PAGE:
Source: EurekAlert! - Medicine and Health - October 30, 2018 Category: International Medicine & Public Health Source Type: news

Monteris wins FDA nod for NeuroBlate Optic laser probe
Monteris Medical said today it won FDA clearance for the NeuroBlate Optic laser probe designed for its minimally invasive magnetic resonance imaging-guided NeuroBlate robotic laser thermotherapy system, which is intended for use in treating brain tumors and epileptic foci. The Plymouth, Minn.-based company said that the newly cleared laser probe replaces previous generation’s metal thermocouple inside the laser probe with a non-metallic fiber optic temperature sensor to eliminate the risk of unintended probe heating. The shift to non-metallic patient contacting components means that MR-scan restrictions, which w...
Source: Mass Device - October 23, 2018 Category: Medical Devices Authors: Fink Densford Tags: Food & Drug Administration (FDA) Neurological Regulatory/Compliance Monteris Medical Source Type: news

ASTRO 2018 Roundup: Fujifilm enters US CT market with FCT Embrace
Fujifilm (TSE:4901) said this week it launched the FCT Embrace 85cm wide bore computed tomography imaging unit, touting it as the world’s first such device to hit the market. The system launch marks the company’s first foray into the CT field, FujiFilm said. The release was announced at the American Society for Radiation Oncology annual meeting ASTRO in San Antonio, Texas. The FCT Embrace system offers 64 and 128 slice configurations, and is intended for use in both oncology and radiology applications, the Tokyo-based company said. The system offers enhanced CT simulation and radiotherapy treatment pl...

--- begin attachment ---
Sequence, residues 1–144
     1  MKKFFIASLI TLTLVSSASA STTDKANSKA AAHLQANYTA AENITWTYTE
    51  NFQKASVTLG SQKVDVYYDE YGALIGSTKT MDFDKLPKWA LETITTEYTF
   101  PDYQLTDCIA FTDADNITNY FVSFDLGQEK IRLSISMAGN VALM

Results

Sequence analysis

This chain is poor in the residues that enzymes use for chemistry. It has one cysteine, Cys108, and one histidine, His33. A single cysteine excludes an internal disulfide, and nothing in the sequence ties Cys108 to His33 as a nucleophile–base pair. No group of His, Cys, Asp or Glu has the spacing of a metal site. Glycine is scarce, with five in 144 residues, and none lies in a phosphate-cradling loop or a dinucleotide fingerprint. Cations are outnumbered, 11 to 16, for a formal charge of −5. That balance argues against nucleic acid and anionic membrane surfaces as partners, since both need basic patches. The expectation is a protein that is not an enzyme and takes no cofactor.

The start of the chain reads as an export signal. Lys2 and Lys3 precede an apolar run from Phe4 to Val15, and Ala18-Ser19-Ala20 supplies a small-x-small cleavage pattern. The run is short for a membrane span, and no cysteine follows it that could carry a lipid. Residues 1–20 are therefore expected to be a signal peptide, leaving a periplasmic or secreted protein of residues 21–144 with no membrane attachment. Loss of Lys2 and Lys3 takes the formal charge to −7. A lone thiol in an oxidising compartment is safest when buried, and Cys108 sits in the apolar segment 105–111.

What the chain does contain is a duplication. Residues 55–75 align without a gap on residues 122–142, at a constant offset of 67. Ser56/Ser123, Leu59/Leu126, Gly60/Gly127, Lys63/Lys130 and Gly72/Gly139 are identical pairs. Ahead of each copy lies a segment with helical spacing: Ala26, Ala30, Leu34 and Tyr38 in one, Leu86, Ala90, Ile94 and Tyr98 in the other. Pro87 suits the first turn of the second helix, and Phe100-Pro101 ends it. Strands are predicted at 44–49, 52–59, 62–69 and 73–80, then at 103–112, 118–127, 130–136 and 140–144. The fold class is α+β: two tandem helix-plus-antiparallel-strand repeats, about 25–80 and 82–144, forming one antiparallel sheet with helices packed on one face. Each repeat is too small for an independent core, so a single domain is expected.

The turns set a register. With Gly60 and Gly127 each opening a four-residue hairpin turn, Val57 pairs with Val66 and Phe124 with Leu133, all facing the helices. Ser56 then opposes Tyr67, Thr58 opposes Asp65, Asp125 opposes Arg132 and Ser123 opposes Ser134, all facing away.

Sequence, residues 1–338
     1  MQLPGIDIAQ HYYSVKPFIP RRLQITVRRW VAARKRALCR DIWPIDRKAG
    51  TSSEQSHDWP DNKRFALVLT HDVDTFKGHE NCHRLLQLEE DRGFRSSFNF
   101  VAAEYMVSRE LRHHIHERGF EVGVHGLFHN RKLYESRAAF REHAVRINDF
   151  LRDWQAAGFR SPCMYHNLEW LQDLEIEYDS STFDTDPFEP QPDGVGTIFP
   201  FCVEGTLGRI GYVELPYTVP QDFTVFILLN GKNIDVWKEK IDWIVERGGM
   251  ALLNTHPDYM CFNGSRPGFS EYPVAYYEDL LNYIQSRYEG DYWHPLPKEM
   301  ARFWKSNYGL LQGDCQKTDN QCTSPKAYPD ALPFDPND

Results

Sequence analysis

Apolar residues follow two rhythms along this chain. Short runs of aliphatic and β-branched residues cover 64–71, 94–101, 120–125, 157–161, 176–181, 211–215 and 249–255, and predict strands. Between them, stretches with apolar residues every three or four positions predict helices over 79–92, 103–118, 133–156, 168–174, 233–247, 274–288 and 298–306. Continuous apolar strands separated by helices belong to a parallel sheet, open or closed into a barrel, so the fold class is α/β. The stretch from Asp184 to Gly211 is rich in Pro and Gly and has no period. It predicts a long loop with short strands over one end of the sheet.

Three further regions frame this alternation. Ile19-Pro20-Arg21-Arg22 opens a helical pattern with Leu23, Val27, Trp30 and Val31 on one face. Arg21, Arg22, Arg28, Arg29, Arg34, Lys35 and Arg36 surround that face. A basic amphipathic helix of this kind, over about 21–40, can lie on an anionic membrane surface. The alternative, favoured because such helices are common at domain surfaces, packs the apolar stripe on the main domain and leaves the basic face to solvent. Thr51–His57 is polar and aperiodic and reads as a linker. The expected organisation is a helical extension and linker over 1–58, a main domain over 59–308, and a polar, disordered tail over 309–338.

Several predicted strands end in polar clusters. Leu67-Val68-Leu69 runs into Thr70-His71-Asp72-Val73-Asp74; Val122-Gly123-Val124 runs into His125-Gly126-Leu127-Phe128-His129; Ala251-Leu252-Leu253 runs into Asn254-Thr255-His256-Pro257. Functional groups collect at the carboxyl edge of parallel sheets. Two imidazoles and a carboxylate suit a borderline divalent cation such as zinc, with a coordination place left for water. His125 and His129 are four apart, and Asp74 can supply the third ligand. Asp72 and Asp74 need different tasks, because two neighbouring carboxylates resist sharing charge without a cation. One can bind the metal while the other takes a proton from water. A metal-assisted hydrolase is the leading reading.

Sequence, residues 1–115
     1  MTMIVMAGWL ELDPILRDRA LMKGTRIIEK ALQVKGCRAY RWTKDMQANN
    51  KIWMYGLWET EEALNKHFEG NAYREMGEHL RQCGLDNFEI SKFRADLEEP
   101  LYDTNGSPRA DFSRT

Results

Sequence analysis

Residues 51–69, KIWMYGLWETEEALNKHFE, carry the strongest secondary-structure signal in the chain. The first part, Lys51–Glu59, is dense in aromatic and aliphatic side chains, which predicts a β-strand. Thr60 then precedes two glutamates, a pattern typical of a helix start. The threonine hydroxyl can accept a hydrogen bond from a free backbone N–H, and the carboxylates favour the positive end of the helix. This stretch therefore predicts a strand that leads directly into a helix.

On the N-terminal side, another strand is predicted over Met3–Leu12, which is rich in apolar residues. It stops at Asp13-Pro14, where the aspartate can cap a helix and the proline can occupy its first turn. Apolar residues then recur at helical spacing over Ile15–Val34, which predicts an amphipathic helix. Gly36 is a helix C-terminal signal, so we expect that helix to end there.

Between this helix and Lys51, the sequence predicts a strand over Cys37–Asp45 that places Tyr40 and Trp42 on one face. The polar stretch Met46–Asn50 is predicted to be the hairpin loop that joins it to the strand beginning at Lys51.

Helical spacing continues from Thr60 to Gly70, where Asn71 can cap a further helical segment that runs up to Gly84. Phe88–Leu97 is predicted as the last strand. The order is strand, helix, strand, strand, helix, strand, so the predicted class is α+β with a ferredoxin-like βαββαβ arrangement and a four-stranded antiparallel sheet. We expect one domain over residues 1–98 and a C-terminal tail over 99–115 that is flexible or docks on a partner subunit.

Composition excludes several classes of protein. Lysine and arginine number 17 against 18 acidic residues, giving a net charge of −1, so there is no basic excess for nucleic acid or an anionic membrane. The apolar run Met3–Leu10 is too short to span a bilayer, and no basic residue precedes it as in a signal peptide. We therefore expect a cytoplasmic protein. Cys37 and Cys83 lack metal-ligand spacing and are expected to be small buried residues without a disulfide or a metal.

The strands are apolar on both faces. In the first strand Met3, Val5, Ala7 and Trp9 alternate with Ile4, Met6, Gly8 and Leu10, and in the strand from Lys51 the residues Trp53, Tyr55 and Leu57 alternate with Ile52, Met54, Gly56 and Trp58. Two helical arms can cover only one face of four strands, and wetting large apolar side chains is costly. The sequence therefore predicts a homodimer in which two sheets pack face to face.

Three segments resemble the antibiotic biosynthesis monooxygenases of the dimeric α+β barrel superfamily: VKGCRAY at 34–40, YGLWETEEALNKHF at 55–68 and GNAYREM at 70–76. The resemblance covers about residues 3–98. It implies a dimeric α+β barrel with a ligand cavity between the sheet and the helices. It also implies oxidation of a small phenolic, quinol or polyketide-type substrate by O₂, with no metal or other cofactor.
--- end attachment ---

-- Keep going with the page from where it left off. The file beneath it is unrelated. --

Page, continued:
Source: Mass Device - October 22, 2018 Category: Medical Devices Authors: Fink Densford Tags: Business/Financial News Imaging Oncology fujifilm Qfix Positioning royalphilips Varian Medical Systems ViewRay Inc. Source Type: news

Monitoring electromagnetic signals in the brain with MRI
(Massachusetts Institute of Technology) MIT engineers have devised a new technique to detect either electrical activity or optical signals in the brain, using a minimally invasive technique based on magnetic resonance imaging (MRI). (Source: EurekAlert! - Biology)
Source: EurekAlert! - Biology - October 22, 2018 Category: Biology Source Type: news

Study gives new insight into how our brain perceives places
(Emory Health Sciences) Experiments using functional magnetic resonance imaging (fMRI) showed that the brain's parahippocampal place area responded more strongly to a scene recognition task while the occipital place area responded more to a navigation task. (Source: EurekAlert! - Biology)
Source: EurekAlert! - Biology - October 22, 2018 Category: Biology Source Type: news

Hyperfine interaction of individual atoms on a surface
Taking advantage of nuclear spins for electronic structure analysis, magnetic resonance imaging, and quantum devices hinges on knowledge and control of the surrounding atomic-scale environment. We measured and manipulated the hyperfine interaction of individual iron and titanium atoms placed on a magnesium oxide surface by using spin-polarized scanning tunneling microscopy in combination with single-atom electron spin resonance. Using atom manipulation to move single atoms, we found that the hyperfine interaction strongly depended on the binding configuration of the atom. We could extract atom- and position-dependent infor...